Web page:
The goal of the diversification assessment is to ensure that small insurers with isolated policyholders are qualified to choose 831(b) effortlessly, while forcing small insurers with related policyholders to meet an alternative test aimed at restricting estate planning exploitations.
Whether the new diversification test also was directed at reinsurance pools is not clear. If the IRS applies the doctrines of Rev. Rul. 2009-26, the insurance company would look beyond the reinsurance to the core insureds to conclude who a “policyholder” is.
The statute and the Joint Committee on Taxation Technical Explanation do not cover this issue. If the doctrines of Rev. Rul. 2009-26 apply, an insurance company directly insuring only one policyholder, but deriving no more than 20 percent of its premiums from that policyholder, could meet this prerequisite with one pool that comprises many core insureds, none of which pay more than 20 percent of the premiums.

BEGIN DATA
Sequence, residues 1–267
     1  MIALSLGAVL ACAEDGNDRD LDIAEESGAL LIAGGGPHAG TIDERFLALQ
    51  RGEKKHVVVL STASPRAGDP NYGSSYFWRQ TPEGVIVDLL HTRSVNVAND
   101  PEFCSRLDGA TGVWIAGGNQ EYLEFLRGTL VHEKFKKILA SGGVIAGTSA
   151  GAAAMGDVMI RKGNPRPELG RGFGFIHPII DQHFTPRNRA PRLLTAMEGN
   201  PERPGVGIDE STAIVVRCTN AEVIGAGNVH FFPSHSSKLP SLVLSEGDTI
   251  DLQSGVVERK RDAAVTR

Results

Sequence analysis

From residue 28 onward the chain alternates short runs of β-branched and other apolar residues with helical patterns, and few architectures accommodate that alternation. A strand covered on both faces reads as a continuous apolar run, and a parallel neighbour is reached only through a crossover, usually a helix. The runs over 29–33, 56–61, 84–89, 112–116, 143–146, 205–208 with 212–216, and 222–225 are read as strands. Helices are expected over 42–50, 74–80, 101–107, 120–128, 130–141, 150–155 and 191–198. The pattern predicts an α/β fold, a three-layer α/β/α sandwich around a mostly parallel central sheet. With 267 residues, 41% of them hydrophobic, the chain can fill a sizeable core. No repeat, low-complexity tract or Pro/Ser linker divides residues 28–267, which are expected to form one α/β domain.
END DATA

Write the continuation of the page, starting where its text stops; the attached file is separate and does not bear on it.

If those doctrines do not apply, that same insurance company may have to partake in at least four reinsurance pools, with no pool’s aggregate premium accounting for more than 20 percent of the insurance company’s premiums.
The substitute assessment, an ownership assessment, is met under one of two conditions.
First condition: If no one who holds, directly or indirectly, an interest in the insurance company, directly or indirectly, is a significant other or lineal successor to someone who holds, directly or indirectly, an interest in any insured business or asset.
Second condition: If anybody who holds, directly or indirectly, an interest in the insurance company is a significant other or successor to anybody who holds direct or indirect interest in an insured business or assets, then each person’s proprietorship of the insurance company echoes that person’s possession in the insured businesses and assets (within a 2 percent margin).